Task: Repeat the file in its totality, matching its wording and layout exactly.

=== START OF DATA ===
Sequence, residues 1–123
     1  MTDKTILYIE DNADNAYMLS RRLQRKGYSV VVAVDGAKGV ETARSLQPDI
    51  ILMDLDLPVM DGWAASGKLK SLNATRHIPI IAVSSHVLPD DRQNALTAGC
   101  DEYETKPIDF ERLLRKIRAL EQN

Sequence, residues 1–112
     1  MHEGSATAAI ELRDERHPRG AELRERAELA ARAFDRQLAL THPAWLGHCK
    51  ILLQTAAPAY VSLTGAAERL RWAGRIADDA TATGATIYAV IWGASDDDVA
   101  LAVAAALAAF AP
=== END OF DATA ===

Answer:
Sequence, residues 1–123
     1  MTDKTILYIE DNADNAYMLS RRLQRKGYSV VVAVDGAKGV ETARSLQPDI
    51  ILMDLDLPVM DGWAASGKLK SLNATRHIPI IAVSSHVLPD DRQNALTAGC
   101  DEYETKPIDF ERLLRKIRAL EQN

Sequence, residues 1–112
     1  MHEGSATAAI ELRDERHPRG AELRERAELA ARAFDRQLAL THPAWLGHCK
    51  ILLQTAAPAY VSLTGAAERL RWAGRIADDA TATGATIYAV IWGASDDDVA
   101  LAVAAALAAF AP